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Call for ‘generous orthodoxy’

by
24 May 2013

Martyn Percy looks at a view of Christianity amid other faiths

Why Did Jesus, Moses, the Buddha and Mohammed Cross the Road? Christian identity in a multi-faith world
Brian McLaren
Hodder & Stoughton £12.99
(978-1-444-70367-2)
Church Times Bookshop £11.70 (Use code CT799 )

A TUTORIAL question, sometimes set for students at Cambridge in the study of religion paper, was to sketch some of the connections that might link Moses, the Buddha, Mohammed, and Jesus. For one mark, you could say they are all great religious leaders. For a few more marks, one might be able to draw some parallels in their teachings. And for one or two more marks, one could perhaps compare and contrast their active ministries as adults.

But there is also something stranger that connects them. They are all adopted. Moses was abandoned by his birth mother and left to float in a small coracle in the River Nile, and was picked up by the daughter of one of the Pharaohs, and nurtured as one of her own. Mohammed was orphaned at the age of six, or perhaps earlier, and was brought up by his uncle in the ancient city of Makka. The Buddha's mother died when he was less than a week old, and he was raised by her sister. Jesus, of course, according to Christian orthodoxy, is not exactly the child of Joseph. Although Mary is clearly his mother, Joseph is not his biological father.

When most people think about adoption, it is a habit of the heart to believe that it is the child who has somehow been rescued, and that the adopted parents are the redeemers. One of the more extraordinary things about the world's great religions, however, is that this equation is turned around - as most things are in religion - so that the adopted child becomes the redeemer, or the gift.

This is particularly true in Christian thinking, where orthodoxy teaches a kind of double adoption: in return for our adoption of Jesus, we are ourselves adopted into the life of God. Moreover, the adoption is what we might term a "cross-border risk". Here, Mary and Joseph both take a risk: "Mary said to the angel, 'How can this be, since I have not known a man?'" (Luke 1.34). But, in Mary's acceptance of something alien, rejection is avoided, and hospitality and love are shown instead. Hospitality, love, and redemption are, in turn, bestowed on humanity through God in Christ.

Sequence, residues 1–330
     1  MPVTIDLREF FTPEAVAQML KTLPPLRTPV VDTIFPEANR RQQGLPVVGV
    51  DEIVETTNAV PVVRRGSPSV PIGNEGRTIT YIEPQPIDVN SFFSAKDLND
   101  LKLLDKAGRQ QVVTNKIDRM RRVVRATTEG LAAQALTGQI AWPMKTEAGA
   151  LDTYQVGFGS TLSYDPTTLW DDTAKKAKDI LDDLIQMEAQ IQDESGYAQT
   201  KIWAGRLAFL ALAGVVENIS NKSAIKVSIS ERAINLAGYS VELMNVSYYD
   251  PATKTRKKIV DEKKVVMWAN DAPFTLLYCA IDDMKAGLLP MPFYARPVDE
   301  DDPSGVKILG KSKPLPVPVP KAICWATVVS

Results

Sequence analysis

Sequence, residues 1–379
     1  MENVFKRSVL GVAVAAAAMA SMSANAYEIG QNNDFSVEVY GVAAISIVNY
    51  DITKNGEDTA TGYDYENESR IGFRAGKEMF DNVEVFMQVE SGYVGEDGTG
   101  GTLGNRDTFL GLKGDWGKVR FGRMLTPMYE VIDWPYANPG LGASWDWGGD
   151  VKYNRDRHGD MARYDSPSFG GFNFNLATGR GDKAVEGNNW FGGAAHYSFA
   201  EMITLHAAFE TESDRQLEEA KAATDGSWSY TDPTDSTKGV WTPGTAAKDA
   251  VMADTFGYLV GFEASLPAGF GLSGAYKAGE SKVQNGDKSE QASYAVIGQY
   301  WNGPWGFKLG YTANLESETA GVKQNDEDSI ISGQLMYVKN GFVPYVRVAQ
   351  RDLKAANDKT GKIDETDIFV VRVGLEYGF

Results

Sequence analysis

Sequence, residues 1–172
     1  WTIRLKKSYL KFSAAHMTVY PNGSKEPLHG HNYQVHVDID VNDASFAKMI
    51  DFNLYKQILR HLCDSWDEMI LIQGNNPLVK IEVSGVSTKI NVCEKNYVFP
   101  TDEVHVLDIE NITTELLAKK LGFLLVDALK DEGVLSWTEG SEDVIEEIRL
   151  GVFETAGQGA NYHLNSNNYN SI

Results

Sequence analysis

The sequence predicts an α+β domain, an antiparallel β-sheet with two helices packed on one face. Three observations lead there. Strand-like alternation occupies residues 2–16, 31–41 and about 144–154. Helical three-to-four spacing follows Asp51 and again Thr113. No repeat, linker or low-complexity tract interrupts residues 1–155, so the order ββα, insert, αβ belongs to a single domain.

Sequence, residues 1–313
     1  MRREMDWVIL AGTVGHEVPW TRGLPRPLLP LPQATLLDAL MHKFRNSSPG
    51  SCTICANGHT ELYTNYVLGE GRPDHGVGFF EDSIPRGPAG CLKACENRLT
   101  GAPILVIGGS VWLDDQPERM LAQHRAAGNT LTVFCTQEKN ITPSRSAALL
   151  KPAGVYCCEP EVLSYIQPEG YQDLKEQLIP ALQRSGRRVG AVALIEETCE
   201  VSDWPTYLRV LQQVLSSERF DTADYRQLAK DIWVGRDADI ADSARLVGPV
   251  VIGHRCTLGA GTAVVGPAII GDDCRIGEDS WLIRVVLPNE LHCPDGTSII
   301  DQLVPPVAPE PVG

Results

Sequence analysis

In this accessible and thought-provoking book, Brian McLaren sets out his stall on the foundations that he has already laid with his appeal for "generous orthodoxy". The term itself has become synonymous with forging a new rallying point for Christians who have moved between the tribal proclivities that shaped their earlier spiritual identity.

McLaren appeals strongly to post-Evangelicals, liberal Catholic Anglicans, and other emerging groups - any, in fact, that want to remain orthodox, and yet also seek to remain open and generous in their ecclesiology and theology to what God has done and is doing outside their immediate tradition. The key issue, then, with a book on interfaith relations, is how the generosity and reciprocity can be practised, Christian identity yet remaining strong.

McLaren has a sure, deft touch in his writing. He draws on the work of Rob Bell, Love Wins (2011), which despite its enormous appeal remains controversial for Evangelicals. McLaren, espousing a consistent and generous orthodoxy, argues that Christians have nothing to fear from engaging with other faiths, but much to gain and learn. His stories, reflections, vignettes, and case-studies build a persuasive case - and, to that extent, this would be an excellent book to give to those thinking through interfaith issues.

The book ends with a touching and eloquent crystallisation of Gandhi's advice to those Christian missionaries who sought to convert him from Hinduism. First, live more like Jesus. Second, don't try and tone your faith down. Third, remember that we are all united by love. Fourth and finally, treat those who don't believe as you do with real generosity.

As I suspect McLaren knows, Christian living like this - in the midst of all the challenges presented by our multifaith culture - can lead us only to a rich and generous orthodoxy.

Canon Percy is Principal of Ripon College, Cuddesdon, and the Oxford Ministry Course, and Professor of Theological Education at King's College, London.

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